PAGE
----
Issue: should the WG define positional roles, e.g. param0, param1, param2, ...?

6. Location

A link to a description of location. Defining how the spatial information is represented is out of scope, and we will point to an existing ontology.

No use of location in this example.

Issue: how can the WG formalize the notion of location with respect to provenance?

Issue: is location related to resources, process executions or agents?

Issue: how does this model of location in the context of provenance fit in the space-time model of physics?

7. Derivation

As information flows across systems, information is transformed, resulting in new information. Such a kind of transformation is captured by the notion of derivation. A derivation is a relation between two Resource State Representations that expresses that one RSR was influenced by the other RSR.

In the example graph, plain edges represent derivations. In some cases, these derivations have been subtyped: for instance, isCopyOf represents a copy of an resource state representation into another; isRepresentationOf represents the serialization of a resource state, following a request to download a resource, given some content negotiation.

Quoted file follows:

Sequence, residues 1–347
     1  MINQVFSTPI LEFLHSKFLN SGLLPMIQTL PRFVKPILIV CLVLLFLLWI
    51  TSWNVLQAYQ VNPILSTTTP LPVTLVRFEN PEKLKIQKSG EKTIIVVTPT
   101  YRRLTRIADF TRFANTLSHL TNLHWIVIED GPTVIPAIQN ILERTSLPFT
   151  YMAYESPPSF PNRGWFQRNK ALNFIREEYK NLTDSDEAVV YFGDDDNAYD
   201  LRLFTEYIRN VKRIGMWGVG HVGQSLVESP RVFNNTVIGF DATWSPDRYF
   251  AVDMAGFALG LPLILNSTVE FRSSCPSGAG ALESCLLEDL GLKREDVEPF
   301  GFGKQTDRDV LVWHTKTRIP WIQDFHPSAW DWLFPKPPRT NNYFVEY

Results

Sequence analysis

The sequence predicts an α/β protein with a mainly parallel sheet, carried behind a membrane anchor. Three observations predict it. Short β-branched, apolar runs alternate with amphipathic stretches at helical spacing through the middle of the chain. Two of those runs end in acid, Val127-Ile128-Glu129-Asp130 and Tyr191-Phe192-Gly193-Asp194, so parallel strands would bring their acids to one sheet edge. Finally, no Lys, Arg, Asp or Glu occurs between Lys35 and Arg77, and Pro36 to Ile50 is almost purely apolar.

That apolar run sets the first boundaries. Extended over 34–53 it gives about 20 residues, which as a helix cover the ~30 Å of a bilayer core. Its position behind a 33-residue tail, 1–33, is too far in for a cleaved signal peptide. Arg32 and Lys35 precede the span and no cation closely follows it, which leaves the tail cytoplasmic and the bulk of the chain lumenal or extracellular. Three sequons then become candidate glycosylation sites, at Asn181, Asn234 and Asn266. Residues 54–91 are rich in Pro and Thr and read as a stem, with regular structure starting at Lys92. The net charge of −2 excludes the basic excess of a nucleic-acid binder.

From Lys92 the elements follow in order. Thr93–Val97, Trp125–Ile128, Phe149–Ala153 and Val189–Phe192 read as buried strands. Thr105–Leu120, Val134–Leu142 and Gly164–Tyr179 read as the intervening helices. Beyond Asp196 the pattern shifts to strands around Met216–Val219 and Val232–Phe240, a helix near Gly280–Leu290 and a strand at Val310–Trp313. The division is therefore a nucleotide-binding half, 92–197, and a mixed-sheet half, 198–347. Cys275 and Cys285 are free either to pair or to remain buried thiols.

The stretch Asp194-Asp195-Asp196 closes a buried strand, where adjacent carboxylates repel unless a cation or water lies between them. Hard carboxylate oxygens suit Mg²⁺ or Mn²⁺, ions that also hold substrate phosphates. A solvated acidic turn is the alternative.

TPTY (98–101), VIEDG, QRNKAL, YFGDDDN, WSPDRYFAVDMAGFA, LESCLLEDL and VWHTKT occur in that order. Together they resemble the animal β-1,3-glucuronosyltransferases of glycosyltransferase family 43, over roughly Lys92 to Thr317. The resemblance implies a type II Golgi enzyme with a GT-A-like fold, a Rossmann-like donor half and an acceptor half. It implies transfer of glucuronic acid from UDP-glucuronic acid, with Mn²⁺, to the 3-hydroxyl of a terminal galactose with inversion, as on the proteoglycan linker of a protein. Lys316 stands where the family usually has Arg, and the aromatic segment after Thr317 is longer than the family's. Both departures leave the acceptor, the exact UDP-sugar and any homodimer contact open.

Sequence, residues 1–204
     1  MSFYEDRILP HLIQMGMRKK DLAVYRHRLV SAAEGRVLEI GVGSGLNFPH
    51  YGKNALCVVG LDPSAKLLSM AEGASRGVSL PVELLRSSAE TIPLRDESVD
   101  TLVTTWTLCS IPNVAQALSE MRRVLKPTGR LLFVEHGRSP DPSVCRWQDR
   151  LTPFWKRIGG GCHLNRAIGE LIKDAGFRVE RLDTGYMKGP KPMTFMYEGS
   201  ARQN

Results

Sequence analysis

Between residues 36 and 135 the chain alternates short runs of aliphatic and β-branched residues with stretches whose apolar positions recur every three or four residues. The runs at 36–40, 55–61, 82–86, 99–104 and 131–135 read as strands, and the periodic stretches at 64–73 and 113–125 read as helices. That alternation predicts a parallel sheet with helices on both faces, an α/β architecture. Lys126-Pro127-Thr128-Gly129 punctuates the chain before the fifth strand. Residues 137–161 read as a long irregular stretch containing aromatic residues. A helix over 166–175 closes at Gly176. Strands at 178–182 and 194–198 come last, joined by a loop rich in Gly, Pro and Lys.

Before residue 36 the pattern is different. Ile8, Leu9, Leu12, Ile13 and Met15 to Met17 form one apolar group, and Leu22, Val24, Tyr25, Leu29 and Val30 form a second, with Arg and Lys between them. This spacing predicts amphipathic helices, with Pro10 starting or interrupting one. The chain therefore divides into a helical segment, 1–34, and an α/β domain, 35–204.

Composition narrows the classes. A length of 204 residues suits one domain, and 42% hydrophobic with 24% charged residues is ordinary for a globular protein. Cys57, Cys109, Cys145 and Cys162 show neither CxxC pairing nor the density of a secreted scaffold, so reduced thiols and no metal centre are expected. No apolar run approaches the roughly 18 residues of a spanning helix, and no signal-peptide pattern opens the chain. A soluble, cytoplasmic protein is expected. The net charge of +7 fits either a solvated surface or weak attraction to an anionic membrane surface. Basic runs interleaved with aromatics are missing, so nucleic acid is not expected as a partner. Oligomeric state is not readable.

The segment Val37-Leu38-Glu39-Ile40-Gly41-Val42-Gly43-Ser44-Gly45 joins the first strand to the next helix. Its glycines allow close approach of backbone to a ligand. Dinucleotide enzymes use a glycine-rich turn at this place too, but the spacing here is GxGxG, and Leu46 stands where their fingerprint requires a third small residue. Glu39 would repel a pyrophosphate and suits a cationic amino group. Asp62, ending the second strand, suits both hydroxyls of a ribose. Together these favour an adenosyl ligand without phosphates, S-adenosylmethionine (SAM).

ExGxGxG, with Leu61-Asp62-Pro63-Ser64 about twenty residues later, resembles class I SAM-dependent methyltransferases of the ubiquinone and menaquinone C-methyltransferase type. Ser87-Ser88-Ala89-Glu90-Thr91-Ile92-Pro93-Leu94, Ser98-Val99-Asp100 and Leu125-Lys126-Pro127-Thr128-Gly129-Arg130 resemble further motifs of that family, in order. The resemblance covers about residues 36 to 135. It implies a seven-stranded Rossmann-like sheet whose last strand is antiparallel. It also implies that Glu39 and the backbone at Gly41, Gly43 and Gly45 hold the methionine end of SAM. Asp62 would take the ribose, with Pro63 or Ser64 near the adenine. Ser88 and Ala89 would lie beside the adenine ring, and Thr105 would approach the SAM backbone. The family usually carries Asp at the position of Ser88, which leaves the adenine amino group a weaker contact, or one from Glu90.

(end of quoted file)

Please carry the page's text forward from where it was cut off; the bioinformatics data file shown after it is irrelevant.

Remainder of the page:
Many notions of derivation are possible, from the simplest, representing a control link (an RSR was created before another), to a more involved causal influence. We do not expect the standard language to capture all these notions, but we anticipate that most could be defined as subtypes of a general notion of derivation.

Another useful notion is the transitive closure of the direct derivation. In the example graph, r5 was derived from c2, which was derived from lcp3, which was derived from r2, itself from f2, and itself from d2. So, we want to be able to infer that r5 was derived from lcp3, r2, f2, and d2.

Issue: what's the relation between process execution and derivation? Let us consider a process execution that used some RSRs a1 and a2 and generated RSRs a3 and a4, but a2 was used after a3 was generated. Hence, a3 cannot be directly derived from a2. Can a derivation be "inferred" from a process?

Issue: how should the WG formalize derivations?

Issue: should the WG define common derivations (and associated processes)?

8. Generation

Process executions create or generate RSRs. The event that represents such phenomenon is referred to as generation. In this model, given that RSRs are representations of resource states, RSR generation is instantaneous (i.e., each RSR generation occurs at a specific point in time, which may or may not be known, in a given provenance graph).

In the example graph, for instance resource r5 was generated by publication process pub4.

A form of transitive closure also exists for generation: in the example graph, r5 is indirectly generated by the second analysis process execution anl2, or the download process execution dwnld3, or process execution trpl2.

Issue: MUST an RSR be generated by at most one process execution (in a given account)?